The final ingredient for the season’s greatness was the presence of four legitimate dynasties—the Lakers, Celtics, Pistons, and Bulls. But what made this dynamic so interesting is that each of them was at a different stage of development. The Celtics might have been the greatest team ever to play, but they were at the precise minute when the tide ebbed. The Lakers, meanwhile, were the best they would ever be. The Pistons were a rising power that had been built to beat both Boston and Los Angeles. And the Bulls, while still a year or two away, had begun to put the right pieces around the greatest player in the history of the game.
When the Game Was War is a story about a season that’s a story about four teams that’s a story about four men: Larry Bird, Isiah Thomas, Magic Johnson, and Michael Jordan.
Cohen gives us broad-stroke histories of these four figures and manages to include bits even serious fans might not know. For instance: Bird had never seen an NBA game before he played in one. When Magic was in middle school, he visited the Milwaukee Bucks locker room after a game, asked Kareem for his autograph, and called him “Sir.”
But Cohen understands that in the NBA, great players are necessary but not sufficient. Organizations win championships and, as Cohen explains, “behind every NBA dynasty is a trade that looks like a crime.” The Celtics dynasty, for instance, emerged after Red Auerbach traded Bob McAdoo and Joe Barry Carroll for Kevin McHale and Robert Parish. He then added Dennis Johnson—a third Hall of Famer—for the price of two future second-round picks and a broken-down center who would retire 50 games later.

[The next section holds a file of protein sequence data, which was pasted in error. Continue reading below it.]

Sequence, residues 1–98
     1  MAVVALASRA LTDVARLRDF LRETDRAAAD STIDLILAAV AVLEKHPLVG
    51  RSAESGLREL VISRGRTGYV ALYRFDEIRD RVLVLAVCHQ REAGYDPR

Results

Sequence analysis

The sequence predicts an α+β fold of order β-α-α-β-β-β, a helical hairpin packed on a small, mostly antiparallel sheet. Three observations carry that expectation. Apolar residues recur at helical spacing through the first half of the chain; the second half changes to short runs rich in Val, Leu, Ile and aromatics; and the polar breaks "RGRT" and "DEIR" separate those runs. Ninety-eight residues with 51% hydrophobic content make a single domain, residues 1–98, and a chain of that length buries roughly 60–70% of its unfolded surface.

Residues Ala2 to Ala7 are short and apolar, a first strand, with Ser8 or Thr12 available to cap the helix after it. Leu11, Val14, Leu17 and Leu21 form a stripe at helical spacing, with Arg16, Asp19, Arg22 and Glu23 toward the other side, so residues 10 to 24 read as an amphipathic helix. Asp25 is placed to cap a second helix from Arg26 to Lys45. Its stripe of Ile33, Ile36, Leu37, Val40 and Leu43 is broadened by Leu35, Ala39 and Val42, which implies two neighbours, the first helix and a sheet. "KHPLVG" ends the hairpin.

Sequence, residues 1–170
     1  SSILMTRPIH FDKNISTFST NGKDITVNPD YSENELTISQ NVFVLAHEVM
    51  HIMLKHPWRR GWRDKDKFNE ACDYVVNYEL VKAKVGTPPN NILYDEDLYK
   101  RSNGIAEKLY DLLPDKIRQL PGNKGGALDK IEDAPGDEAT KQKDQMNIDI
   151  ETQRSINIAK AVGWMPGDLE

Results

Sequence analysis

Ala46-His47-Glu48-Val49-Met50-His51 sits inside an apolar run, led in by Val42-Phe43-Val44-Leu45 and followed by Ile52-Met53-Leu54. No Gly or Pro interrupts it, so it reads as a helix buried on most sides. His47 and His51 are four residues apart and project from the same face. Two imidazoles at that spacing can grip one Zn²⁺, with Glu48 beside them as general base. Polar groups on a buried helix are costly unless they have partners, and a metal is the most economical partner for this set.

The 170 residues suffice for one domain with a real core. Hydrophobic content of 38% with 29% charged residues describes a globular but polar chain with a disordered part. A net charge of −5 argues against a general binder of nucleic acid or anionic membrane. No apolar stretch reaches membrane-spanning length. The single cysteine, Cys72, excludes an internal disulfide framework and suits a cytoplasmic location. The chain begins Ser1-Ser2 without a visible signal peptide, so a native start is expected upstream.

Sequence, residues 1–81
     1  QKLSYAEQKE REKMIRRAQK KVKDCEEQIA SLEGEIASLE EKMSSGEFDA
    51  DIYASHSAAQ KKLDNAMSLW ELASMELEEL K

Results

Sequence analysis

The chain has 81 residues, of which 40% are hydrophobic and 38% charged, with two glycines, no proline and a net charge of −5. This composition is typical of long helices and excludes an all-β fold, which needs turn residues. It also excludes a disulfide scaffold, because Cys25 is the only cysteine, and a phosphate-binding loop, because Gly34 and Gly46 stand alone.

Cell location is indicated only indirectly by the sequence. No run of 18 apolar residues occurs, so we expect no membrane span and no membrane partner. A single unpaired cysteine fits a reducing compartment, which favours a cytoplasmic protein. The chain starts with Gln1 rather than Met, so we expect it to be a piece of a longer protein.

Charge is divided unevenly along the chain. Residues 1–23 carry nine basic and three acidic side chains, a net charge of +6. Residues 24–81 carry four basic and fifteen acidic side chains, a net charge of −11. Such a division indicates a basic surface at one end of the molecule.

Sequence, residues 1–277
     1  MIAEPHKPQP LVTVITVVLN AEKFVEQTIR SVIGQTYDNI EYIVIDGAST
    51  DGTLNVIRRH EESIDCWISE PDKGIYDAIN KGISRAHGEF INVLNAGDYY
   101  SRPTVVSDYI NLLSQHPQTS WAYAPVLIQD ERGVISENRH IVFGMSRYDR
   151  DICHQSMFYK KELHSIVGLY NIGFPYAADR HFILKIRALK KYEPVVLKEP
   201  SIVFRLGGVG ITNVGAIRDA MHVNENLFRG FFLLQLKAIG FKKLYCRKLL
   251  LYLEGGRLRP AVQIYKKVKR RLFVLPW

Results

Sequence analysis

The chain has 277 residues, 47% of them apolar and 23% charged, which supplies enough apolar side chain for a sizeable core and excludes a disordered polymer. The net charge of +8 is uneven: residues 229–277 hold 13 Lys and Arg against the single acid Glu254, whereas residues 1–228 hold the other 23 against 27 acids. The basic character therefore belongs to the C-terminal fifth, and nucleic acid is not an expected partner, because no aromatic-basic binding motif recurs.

The creation of the Pistons dynasty is the most interesting of these heists because it involved finding not two or three players, but nine of them.
The Pistons started their build by taking Isiah Thomas—a 5’ 10” point guard—with the second pick in the 1981 draft. Later that year, they traded a sack of beans for Bill Laimbeer. (Who would go on to become the most hated player in the league without a felony rap sheet.) Over the next six years, the Pistons would add Vinnie Johnson, Joe Dumars, Rick Mahorn, James Edwards, Adrian Dantley, Dennis Rodman, and John Salley. Of this group, only two were considered high-level talents; they would all become stars in the NBA.
This Pistons team was known as “the Bad Boys” because of their physical and often dirty play. They were my favorites. I grew up a Philadelphia 76ers fan, but in years when the Sixers weren’t contending—which was most of them—I took my pleasure with the Bad Boys from Detroit.